had a great deal of money, a beautiful home perched on the brow of a
green hill overlooking the lake, and a silk hat. This last made a great
impression on the children, for silk hats were seldom worn in Lakeville.
Mr. Black looked very nice indeed in his, when he wore it to church
Sunday morning, but Bettie felt more at home with him when he sat
bareheaded on the rectory porch, with his short, crisp, thick gray hair
tossed by the south wind.

Besides these possessions, Mr. Black owned a garden on the sheltered
hillside where wonderful roses grew as they would grow nowhere else in
Lakeville. This was fortunate because Mr. Black loved roses, and spent
much time poking about among them with trowel and pruning shears. Then,
there were shelves upon shelves of books in the big, dingy library,
which was the one room that the owner of the large house really lived
in. A public-spirited man, Mr. Black had a wide circle of acquaintances
and a few warm friends; but with all his possessions, and in spite of a
jovial, cheerful manner in company, his dark, rather stern face, as
Bettie had very quickly discovered, was sad when he sat alone in his pew
in church. He had really nothing in the world to love but his books and
his roses. It was evident, to anyone who had time to think about it,
that kind Mr. Black, whose wife had died so many years before that only
the oldest townspeople could remember that he had had a wife, was, in
spite of his comfortable circumstances, a very lonely man, and that, as
he grew older, he felt his loneliness more keenly. There were others
besides Bettie who realized this, but it was not an easy matter to offer
sympathy to Mr. Black - there was a dignity about him that repelled
anything that looked like pity. Bettie was the one person who succeeded,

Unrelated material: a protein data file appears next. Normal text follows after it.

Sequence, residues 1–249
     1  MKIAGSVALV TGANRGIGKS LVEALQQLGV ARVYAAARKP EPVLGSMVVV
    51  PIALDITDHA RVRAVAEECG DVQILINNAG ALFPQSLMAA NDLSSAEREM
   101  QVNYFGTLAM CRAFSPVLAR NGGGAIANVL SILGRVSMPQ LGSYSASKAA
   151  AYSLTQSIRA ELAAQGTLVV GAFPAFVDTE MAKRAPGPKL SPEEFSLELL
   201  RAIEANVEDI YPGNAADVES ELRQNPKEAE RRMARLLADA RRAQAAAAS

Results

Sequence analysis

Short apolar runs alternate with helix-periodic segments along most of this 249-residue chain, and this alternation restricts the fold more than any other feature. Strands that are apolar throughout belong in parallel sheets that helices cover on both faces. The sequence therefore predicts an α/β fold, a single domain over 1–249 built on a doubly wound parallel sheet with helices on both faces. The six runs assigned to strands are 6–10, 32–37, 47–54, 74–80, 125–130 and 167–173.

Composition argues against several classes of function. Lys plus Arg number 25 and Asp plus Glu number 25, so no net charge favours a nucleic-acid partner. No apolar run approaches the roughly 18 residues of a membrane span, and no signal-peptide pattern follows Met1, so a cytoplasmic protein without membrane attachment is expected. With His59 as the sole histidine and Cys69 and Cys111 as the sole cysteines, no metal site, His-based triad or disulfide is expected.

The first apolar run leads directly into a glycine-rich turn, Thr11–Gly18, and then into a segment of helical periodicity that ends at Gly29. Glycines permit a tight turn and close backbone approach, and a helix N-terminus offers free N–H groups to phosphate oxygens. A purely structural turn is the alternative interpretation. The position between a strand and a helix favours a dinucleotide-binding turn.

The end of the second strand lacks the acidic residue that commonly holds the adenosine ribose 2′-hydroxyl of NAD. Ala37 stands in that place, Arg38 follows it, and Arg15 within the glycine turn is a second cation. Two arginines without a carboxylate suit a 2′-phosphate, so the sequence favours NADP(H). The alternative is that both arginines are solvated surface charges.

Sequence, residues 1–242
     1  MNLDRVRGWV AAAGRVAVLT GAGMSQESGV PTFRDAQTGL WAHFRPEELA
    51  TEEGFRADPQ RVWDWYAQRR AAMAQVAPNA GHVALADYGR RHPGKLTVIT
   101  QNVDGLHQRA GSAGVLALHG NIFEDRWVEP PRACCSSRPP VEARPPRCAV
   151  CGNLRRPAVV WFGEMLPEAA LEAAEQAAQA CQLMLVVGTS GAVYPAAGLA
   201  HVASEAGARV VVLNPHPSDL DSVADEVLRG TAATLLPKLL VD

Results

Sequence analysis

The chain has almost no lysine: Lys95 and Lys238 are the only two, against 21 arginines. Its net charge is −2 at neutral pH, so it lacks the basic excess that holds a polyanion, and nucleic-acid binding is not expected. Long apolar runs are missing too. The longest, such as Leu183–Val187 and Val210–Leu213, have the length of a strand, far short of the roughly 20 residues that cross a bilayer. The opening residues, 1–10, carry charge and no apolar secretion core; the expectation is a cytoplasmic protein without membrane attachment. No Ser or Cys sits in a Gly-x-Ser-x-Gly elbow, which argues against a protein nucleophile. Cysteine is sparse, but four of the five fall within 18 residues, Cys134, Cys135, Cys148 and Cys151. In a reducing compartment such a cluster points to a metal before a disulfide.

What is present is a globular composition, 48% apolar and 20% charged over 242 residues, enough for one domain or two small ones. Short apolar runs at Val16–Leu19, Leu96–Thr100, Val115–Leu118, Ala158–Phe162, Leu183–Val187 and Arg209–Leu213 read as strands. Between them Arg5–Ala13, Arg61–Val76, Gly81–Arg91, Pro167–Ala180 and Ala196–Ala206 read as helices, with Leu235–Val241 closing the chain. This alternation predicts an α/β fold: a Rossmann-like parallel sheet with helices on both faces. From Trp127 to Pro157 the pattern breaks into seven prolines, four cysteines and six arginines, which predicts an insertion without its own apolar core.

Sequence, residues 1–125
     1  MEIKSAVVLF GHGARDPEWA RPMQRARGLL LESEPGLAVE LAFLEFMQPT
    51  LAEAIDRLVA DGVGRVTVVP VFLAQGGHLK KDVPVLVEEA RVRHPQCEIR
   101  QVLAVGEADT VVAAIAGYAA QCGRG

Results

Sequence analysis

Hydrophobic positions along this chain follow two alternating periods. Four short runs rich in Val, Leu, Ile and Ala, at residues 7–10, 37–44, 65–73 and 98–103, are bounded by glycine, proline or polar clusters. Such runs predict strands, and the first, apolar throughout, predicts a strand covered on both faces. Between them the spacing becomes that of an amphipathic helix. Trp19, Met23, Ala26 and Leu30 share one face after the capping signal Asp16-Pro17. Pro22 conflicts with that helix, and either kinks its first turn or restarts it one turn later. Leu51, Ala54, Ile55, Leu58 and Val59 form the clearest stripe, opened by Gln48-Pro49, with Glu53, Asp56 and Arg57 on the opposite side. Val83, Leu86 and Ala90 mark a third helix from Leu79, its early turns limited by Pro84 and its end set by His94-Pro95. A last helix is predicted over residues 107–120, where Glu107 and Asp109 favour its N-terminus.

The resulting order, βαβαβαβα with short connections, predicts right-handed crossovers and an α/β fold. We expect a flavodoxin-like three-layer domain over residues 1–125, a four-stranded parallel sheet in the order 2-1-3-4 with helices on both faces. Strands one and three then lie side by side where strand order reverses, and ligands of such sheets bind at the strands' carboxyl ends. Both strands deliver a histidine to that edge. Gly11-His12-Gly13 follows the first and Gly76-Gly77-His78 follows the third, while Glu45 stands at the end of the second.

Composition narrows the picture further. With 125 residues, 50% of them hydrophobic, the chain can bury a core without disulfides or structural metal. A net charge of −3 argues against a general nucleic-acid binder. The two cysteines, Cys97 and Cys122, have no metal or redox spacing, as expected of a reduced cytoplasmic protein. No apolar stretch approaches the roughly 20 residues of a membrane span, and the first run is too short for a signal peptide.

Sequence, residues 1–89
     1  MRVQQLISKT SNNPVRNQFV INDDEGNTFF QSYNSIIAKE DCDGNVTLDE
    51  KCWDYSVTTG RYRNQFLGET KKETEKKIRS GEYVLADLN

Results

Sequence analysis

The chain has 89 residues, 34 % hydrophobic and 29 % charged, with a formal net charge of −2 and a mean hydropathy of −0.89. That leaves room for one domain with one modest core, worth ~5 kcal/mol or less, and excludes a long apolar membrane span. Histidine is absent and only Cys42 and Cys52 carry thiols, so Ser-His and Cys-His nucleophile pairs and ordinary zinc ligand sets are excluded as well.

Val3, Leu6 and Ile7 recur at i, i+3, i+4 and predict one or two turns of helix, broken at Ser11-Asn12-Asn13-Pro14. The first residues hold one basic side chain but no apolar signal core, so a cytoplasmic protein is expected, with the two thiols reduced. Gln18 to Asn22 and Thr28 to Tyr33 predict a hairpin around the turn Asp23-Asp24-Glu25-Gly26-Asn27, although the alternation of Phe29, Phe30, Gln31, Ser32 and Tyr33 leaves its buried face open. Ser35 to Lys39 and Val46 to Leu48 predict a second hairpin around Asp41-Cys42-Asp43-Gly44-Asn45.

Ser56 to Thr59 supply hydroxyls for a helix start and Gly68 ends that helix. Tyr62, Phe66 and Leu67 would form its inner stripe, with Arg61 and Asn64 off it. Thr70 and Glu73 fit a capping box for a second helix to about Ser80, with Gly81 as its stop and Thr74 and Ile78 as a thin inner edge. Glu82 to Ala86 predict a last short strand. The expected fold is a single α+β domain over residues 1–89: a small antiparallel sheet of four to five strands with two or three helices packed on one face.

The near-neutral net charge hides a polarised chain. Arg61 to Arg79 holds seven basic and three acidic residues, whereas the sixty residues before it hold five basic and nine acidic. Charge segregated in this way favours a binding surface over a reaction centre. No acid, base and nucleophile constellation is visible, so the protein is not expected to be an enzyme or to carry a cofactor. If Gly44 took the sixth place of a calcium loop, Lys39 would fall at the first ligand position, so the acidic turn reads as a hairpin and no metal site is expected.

without giving offense, in doing this difficult thing, but Bettie did it
unconsciously, without in the least knowing that she _had_ accomplished
it, and this, of course, was another reason for the strong friendship
between Mr. Black and her.

The girls found the peanuts decidedly refreshing; their unusual exercise
had given them astonishing appetites.

"I wonder," said Bettie, some ten minutes later, when the paper bag was
almost empty, "what Mr. Black is doing in there."

"I think, from the swishing, swushing sounds I hear," said Jean, "that
Mr. Black must be scrubbing the kitchen."

"What!" gasped the girls.

"Come and see," said Jean, stealing in on tiptoe.

There, sure enough, was stout Mr. Black dipping a broom every now and
then into a pail of soapy water and vigorously sweeping the floor with
it.

"I _think_," whispered Mabel, ruefully, "that that's Mother's best
broom."

"Never mind," consoled Jean. "You can take mine home if you think she'll
care. It's really mine because I bought it when we had that broom drill
in the sixth grade. It's been hanging on my wall ever since."

"Hi there!" exclaimed Mr. Black, who, looking up suddenly, had
discovered the smiling girls in the doorway. "You didn't know I could
scrub, did you?"

Mr. Black, quite regardless of his spotless cuffs and his polished
shoes, drew a bucket of fresh water and dashed it over the floor,
sweeping the flood out of doors and down the back steps.

"There," said Mr. Black, standing the broom in the corner, "if there's a
cleaner house in town than this, I don't know where you'll find it. In
return for scrubbing this kitchen, of course, I shall expect you to
invite me to dinner when you get to housekeeping."

"We will! We do!" shouted the girls. "And we'll cook every single thing
ourselves."

"I don't know that I'll insist on _that_," returned Mr. Black,
teasingly, "but I shan't let you forget about the dinner."




CHAPTER 4

Furnishing the Cottage


After tea that Saturday night four tired but spotlessly clean little
girls sat on Jean's doorstep, making plans for the coming week.

"What are you going to do for a stove?" asked Mrs. Mapes.

"I have a toy one," replied Mabel, "but it has only one leg and it
always smokes. Besides, I can't find it."

"I have a little box stove that the boys used to have in their camp,"
said Mrs. Mapes. "It has three good legs and it doesn't smoke at all. If
you want it, and if you'll promise to be very careful about your fire,
I'll have one of the boys set it up for you."

"That would be lovely," said Bettie, gratefully. "Mamma has given me
four saucers and a syrup jug, and I have a few pieces left of quite a
large-sized doll's tea set."

"We have an old rug," said Marjory, "that I'm almost sure I can have for
the parlor floor, and I have two small rocking chairs of my own."

"There's a lot of old things in our garret," said Mabel; "three-legged
tables, and chairs with the seats worn out. I know Mother'll let us take
them."

"Well," said Bettie, "take everything you have to the cottage Monday
afternoon after school. Bring all the pictures you can to cover the
walls, and - "